Fearing Death and Forgetting Eternity
I want to take this time to share today and focus on something that has been in the headlines the last couple of weeks—the death of Steve Jobs. Let’s take a look at a statement Steve Jobs made at Stanford University’s graduation a few years ago.
“Remembering that I’ll be dead soon is the most important tool I’ve ever encountered to help me make the big choices in life. Because almost everything—all external expectations, all pride, all fear of embarrassment or failure—these things just fall away in the face of death, leaving only what is truly important.”
Steve Jobs has been called the “secular prophet” of our generation. This title was given to him by Andy Crouch in an article in the Wall Street Journal. Crouch’s focus was on this genius—and he was—who gave birth to the iPod, iPad, iPhone, and the Mac and how he found meaning and purpose in this life even though he didn’t believe in life after death. It has been reported that he had a fear of dying—a normal fear for all who have no hope.
His religious beliefs centered around Buddhism, which ultimately ends up in “nothing-ism” or atheism. To a Buddhist, there is no life after death. As the secular prophet of our post-modern time, Steve Jobs was the hero of this particular belief system . . . the system that says this life is all you have and your contribution to society is the ultimate meaning in life.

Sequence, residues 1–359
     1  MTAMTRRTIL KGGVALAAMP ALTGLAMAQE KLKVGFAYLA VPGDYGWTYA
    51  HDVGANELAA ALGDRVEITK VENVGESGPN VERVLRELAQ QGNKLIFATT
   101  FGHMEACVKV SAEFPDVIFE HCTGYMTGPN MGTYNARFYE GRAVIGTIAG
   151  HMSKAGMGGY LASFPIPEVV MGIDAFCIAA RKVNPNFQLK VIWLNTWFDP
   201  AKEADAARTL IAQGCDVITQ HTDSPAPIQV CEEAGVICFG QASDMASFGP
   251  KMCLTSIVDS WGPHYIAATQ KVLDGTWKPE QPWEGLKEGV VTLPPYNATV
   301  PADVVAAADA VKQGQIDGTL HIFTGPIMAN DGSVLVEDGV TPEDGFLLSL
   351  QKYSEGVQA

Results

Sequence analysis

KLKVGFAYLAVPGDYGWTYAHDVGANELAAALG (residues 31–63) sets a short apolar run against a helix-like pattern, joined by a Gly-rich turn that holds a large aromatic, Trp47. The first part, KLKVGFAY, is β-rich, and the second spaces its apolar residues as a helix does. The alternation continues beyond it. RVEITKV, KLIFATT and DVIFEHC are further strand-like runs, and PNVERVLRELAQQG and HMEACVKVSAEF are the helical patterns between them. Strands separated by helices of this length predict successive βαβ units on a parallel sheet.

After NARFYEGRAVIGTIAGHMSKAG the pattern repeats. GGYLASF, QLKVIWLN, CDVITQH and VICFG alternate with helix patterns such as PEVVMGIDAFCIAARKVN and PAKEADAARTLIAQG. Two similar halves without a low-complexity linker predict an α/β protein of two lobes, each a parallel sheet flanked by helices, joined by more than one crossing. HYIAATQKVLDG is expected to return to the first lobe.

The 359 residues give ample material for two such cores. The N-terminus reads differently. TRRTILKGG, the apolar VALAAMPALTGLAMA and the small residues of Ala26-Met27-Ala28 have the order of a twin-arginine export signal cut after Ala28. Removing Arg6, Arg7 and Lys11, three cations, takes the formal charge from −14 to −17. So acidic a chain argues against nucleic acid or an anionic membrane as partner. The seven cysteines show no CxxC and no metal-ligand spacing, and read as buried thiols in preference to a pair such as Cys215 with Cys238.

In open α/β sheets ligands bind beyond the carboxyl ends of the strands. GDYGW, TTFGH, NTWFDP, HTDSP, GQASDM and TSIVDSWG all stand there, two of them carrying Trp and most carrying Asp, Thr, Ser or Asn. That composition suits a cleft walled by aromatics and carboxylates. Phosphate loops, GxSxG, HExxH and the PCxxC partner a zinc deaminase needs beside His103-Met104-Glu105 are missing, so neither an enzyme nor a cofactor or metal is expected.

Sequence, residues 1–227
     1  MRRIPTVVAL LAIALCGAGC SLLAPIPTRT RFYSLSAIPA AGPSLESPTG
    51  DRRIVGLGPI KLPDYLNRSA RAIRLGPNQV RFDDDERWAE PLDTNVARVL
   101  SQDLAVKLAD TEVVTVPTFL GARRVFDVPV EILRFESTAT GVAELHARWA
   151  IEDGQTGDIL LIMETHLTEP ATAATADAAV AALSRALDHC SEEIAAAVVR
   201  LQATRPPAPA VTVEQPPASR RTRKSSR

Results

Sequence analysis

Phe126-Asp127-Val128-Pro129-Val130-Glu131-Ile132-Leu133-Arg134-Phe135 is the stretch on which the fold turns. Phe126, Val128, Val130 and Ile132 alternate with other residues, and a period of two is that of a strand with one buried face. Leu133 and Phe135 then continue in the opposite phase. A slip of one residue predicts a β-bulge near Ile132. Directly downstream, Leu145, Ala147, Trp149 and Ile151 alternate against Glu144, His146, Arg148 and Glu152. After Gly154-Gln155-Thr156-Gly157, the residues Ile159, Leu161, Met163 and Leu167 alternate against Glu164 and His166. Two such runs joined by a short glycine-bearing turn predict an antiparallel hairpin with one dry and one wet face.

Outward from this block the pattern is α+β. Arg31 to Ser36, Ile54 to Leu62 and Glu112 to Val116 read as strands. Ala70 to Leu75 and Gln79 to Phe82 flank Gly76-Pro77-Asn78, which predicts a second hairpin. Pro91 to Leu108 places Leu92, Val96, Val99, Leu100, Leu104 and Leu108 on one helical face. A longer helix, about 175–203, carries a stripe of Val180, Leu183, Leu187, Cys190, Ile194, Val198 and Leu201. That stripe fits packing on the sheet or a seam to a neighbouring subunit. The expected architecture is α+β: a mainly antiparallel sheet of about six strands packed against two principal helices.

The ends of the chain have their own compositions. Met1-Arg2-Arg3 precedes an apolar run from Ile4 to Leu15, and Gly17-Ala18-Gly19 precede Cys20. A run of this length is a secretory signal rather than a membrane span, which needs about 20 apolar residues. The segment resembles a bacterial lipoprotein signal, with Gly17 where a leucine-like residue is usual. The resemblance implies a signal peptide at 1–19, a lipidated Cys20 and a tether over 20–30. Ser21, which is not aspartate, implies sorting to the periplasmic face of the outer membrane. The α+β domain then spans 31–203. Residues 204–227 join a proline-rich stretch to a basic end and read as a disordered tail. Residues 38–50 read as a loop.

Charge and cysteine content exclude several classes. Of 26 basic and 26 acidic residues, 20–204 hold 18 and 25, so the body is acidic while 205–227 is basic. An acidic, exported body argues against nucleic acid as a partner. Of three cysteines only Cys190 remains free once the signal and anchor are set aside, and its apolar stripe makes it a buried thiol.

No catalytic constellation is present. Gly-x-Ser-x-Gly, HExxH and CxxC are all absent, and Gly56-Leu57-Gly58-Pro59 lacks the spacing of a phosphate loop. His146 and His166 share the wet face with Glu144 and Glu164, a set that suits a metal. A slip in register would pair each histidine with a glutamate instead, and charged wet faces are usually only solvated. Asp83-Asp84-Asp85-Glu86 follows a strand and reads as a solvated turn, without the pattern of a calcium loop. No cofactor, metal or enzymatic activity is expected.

It makes sense if there is no life after death that my worth can only be measured in how I advanced human society for “the good.” Certainly he did that in a unique way . . . but what is the point?
The Apostle Paul, a few days before he died said this:
I have fought the good fight, I have finished the race, I have kept the faith. Now there is in store for me the crown of righteousness, which the Lord, the righteous Judge, will award to me on that day—and not only to me, but also to all who have longed for his appearing. —2 Timothy 4:7-8
Paul had a very different view of this life and the after life than Steve did. For him, focusing on eternity determined how he lived while on earth. For him it made all the difference.
Listen to his confidence when he says, “There is in store for me the crown of righteousness which the Lord will award to me. Not only to me, but also to all who have longed for him.”
Paul didn’t fear death. No—Paul’s heart was full of inexpressible joy because he used his life to make Jesus Christ real to the people he encountered. It gave his life meaning for his present day . . . but also for eternity.
Brothers and sisters—I challenge you to live boldly, courageously, and joyfully for the “hope of glory” that is found in Christ alone. I praise God for the “Thomas Edisons,” the “Albert Einsteins,” and the “Steve Jobs,” but the point of our lives is to point as many people as possible to Christ.
There is some reality to Steve Jobs’ statement that death determines everything that is important. For the Christian that is to be “all in,” no matter what, because our short, earthly lives and our gifts are to be used for the sake of the Lord’s name.